Any good book on the constitution is fine. ‘Introduction to the constitution of India‘  by D.D. Basu is the book that I used. Read it also cover to cover.

Useful Post: How to Fill UPSC IAS Mains Exam DAF Form Online

4. Indian Economy:

One needs to know about some basic terms of economics like repo rate, reverse repo, CRR, SLR, etc. These are needed for understanding articles in newspapers also. Just google them when you come across than in the papers and keep a separate notebook. Read one good book on the Indian economy. I used the Indian Economy by Dutt & Sundaram. The book by Uma Kapila is also a good one. In both of these books, each chapter deals with an issue. So make notes keeping in mind the requirements of a 20-30 marker. Download the latest Economic Survey of India and update the stats as you make notes. Also, leave some space after each chapter to add new info from newspapers as and when they come.

Also, read Chapter 1 and the chapter explaining the government’s poverty alleviation schemes ( chapter 11 in the 2010 survey). Follow the budget. Read some business newspapers at that time and also read the summary of the budget which will be posted on the net.

5. Government policies and programs:

Make notes on the policies that you come across in the newspapers. But this will not be exhaustive. Use India yearbook published by the Publications division for an exhaustive approach. It’s a huge book with a lot of unnecessary facts and details which should be skipped. Just make short notes on the various programs ministry-wise.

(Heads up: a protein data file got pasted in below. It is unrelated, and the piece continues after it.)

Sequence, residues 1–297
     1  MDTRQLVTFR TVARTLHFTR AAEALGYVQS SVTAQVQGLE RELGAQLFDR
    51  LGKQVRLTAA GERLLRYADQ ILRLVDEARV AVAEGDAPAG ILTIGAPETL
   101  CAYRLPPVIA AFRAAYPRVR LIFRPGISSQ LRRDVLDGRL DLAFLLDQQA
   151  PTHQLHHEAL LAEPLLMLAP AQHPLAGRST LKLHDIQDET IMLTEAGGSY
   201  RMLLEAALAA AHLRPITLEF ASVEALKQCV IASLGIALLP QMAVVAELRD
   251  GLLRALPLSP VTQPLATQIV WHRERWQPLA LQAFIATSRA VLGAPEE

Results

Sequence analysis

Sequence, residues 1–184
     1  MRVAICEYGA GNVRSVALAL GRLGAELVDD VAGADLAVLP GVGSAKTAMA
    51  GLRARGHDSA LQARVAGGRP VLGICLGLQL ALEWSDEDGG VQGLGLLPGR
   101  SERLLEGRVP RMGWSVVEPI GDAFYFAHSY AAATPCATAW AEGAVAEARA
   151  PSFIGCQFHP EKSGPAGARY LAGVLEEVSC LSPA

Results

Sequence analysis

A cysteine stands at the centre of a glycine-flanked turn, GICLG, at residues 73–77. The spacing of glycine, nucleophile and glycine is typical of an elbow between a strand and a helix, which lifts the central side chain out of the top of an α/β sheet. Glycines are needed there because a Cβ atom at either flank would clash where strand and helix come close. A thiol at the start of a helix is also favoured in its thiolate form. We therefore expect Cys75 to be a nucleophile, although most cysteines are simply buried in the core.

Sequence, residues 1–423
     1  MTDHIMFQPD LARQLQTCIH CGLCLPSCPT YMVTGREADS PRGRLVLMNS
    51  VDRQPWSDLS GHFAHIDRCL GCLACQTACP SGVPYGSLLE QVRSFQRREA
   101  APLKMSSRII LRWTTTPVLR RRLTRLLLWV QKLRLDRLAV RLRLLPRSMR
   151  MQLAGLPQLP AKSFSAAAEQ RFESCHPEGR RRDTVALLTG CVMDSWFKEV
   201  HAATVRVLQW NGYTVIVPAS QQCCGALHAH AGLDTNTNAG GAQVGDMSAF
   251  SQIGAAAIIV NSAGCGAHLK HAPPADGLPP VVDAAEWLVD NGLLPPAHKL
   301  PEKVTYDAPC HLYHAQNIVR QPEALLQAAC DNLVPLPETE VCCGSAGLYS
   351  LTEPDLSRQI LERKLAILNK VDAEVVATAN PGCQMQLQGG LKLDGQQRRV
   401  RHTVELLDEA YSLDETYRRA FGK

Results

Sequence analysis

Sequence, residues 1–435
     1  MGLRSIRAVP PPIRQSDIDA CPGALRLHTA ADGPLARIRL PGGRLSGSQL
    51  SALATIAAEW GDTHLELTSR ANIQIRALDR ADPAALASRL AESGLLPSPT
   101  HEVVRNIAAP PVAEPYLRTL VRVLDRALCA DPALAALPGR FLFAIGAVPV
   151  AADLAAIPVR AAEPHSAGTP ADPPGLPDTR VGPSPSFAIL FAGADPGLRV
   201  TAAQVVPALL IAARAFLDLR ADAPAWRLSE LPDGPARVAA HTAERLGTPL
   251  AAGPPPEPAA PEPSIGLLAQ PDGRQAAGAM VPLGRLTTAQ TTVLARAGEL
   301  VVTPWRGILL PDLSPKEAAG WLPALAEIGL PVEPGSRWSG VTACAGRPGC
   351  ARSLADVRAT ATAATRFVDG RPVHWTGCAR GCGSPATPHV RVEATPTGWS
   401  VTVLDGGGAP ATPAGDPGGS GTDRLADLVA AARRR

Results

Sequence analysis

6. Science and Technology:

Use Wikipedia extensively for this. Find out about new topics as you come across them in the S&T page of The Hindu. Also, make short notes on emerging technologies and recent Nobel winning technologies from these pages

Exhaustive preparation on these topics can be very hard. Try to cover as much ground as possible and hope for the best. When writing answers, try to point out the applications rather than elaborating on the technological part.

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General knowledge and current affairs:

This is where you have to use newspapers and current affairs magazines. This is perhaps the most important part because if you see the 2010 GS paper, questions are asked about the Palestine crisis, Sudan civil war, Cambodia, CWG, etc. I recommend The Hindu and Frontilne. The Hindu has less unwanted news and has a balanced perspective on issues and is pro-people. You shouldn’t be an ultra-leftist or a right-wing hawk when writing the answers. The editorials and Op-eds present a very balanced picture of issues.